GOPolitico: President Obama was interrupted at a California fundraiser on Thursday by a group of singing protesters who demanded the release of Bradley Manning, the private charged with giving information to WikiLeaks.
Obama “could not ignore” the singers because the setting was small — about 200 people, according to the pool. The protesters in the back of the room sang: “Each of us brought you $5,000. … I paid my dues, where’s our change? We’ll vote for you in 2012, yes that’s true. Look at the Republicans; what else can we do?”
White House aides tried to get them to stop, then escorted out the woman who had led the group, the pool said.
For his part, Obama tried to make light of it, but he didn’t address Manning’s detention or treatment. “That was a nice song, much better voiced than I,” he said, the pool reported.
“Where was I?” Obama said. “That didn’t break my flow.”
More at the Washington Post
“He thought it was kind of funny,” said White House press secretary Jay Carney. On Air Force One heading to Nevada, Carney said Obama came out of the fundraiser and remarked, “You don’t get that every day.”
It’s funny, these people are always happy to quote PJ Crowley on Manning … except they always leave this bit out (from the Guardian): To be clear, Private Manning is rightly facing prosecution and, if convicted, should spend a long, long time in prison. Having been deeply engaged in the WikiLeaks issue for many months, I know that the 251,000 diplomatic cables included properly classified information directly connected to our national interest. The release placed the lives of activists around the world at risk.
Yep, Manning and WikiLeaks sure are heroes:
The Guardian (January 2011): …with the recent release of sensitive diplomatic cables, WikiLeaks may have committed its own collateral murder, upending the precarious balance of power in a fragile African state and signing the death warrant of its pro-western premier…
…in the wake of the WikiLeaks’ release, one of the men targeted by US and EU travel and asset freezes, Mugabe’s appointed attorney general, has launched a probe to investigate Tsvangirai’s involvement in sustained western sanctions. If found guilty, Tsvangirai will face the death penalty.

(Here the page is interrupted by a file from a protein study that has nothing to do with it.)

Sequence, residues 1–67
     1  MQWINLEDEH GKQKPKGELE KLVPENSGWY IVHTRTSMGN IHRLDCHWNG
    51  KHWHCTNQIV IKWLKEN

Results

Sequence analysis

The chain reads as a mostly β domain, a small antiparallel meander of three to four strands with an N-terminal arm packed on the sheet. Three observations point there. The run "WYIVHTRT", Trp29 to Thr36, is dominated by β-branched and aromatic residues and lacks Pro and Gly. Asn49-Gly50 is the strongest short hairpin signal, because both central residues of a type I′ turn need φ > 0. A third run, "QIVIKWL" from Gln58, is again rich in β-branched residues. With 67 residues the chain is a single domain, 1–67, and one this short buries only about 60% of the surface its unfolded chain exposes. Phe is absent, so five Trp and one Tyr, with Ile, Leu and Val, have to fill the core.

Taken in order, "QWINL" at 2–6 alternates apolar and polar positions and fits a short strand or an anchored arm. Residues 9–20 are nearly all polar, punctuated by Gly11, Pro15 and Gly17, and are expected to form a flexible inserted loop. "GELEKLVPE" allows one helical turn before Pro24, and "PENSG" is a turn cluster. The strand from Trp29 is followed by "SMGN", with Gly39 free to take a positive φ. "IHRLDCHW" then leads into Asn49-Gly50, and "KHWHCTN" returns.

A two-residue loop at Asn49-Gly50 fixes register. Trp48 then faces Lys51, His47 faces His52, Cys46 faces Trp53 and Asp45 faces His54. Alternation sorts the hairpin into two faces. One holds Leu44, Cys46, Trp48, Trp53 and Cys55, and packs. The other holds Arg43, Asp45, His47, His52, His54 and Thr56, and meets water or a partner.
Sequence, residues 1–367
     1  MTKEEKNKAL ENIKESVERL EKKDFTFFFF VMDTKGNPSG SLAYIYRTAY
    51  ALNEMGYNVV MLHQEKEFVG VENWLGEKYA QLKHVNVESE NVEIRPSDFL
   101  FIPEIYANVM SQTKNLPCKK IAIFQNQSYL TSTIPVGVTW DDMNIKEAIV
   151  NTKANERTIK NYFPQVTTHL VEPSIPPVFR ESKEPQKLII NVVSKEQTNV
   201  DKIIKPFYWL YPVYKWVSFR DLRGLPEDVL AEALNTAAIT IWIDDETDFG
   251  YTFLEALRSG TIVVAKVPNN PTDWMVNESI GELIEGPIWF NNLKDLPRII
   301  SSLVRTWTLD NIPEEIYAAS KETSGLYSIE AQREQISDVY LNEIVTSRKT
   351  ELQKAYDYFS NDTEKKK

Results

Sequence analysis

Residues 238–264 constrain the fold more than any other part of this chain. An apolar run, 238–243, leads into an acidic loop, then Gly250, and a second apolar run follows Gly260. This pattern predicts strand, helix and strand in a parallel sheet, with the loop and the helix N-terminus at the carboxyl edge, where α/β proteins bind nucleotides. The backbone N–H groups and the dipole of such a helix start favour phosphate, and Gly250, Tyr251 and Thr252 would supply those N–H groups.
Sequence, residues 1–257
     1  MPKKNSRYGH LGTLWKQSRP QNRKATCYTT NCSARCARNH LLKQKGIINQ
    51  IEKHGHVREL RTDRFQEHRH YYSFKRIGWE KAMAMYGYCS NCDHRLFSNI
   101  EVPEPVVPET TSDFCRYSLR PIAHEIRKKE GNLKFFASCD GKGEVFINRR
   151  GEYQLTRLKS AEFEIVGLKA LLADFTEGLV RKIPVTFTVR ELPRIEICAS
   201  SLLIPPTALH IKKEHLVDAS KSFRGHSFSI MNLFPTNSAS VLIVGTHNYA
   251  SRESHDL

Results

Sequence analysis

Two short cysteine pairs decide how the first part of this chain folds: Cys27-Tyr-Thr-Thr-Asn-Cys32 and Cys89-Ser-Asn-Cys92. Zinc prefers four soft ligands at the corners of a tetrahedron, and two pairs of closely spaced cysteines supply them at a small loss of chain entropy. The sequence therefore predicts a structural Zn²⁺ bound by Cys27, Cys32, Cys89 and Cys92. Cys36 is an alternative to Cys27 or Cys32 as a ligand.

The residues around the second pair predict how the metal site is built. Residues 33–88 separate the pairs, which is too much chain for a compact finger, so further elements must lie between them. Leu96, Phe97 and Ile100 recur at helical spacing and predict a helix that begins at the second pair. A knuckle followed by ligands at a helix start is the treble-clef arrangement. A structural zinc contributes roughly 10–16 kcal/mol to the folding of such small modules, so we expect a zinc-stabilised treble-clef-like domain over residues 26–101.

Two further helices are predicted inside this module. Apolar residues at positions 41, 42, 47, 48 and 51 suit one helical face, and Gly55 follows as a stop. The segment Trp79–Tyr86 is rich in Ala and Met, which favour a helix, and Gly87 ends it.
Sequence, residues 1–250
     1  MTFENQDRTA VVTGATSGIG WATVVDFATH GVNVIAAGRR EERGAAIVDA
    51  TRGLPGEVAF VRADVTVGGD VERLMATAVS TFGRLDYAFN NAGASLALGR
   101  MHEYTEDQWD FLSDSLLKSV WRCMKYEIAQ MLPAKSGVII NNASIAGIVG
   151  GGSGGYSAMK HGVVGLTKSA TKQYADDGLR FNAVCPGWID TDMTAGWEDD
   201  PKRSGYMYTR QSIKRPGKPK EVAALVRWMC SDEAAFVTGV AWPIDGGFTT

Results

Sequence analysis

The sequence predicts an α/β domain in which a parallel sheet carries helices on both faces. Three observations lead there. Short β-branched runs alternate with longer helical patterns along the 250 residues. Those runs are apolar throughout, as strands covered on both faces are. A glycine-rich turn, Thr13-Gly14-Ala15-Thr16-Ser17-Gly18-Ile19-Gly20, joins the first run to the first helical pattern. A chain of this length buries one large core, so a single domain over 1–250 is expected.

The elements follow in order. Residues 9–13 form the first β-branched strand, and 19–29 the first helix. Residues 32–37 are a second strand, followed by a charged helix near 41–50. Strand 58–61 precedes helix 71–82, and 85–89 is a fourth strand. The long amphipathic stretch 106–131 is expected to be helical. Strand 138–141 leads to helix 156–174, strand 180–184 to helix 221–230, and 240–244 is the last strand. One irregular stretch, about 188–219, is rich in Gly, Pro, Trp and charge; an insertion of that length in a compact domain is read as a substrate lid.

And so, where Mugabe’s strong-arming, torture and assassination attempts have failed to eliminate the leading figure of Zimbabwe’s democratic opposition, WikiLeaks may yet succeed. Twenty years of sacrifice and suffering by Tsvangirai all for naught, as WikiLeaks risks “collateral murder” in the name of transparency.
Before more political carnage is wrought and more blood spilled – in Africa and elsewhere, with special concern for those US-sympathising Afghans fingered in its last war document dump – WikiLeaks ought to leave international relations to those who understand it – at least to those who understand the value of a life.
The Australian (July 2010): The founder of WikiLeaks was forced last night to defend his decision to publish tens of thousands of uncensored intelligence documents.
The Times revealed that the names, villages, relatives’ names and even precise GPS locations of Afghans co-operating with Nato forces could be accessed easily from files released by WikiLeaks.
Human rights groups criticised the internet site and one US politician said that the security breaches amounted to a ready-made Taliban hitlist.
Julian Assange, the founder of the whistleblowing website, told The Times that he would “deeply regret” any harm caused by the disclosures.
But in an extensive interview he defended his actions …. “No one has been harmed, but should anyone come to harm of course that would be a matter of deep regret…..”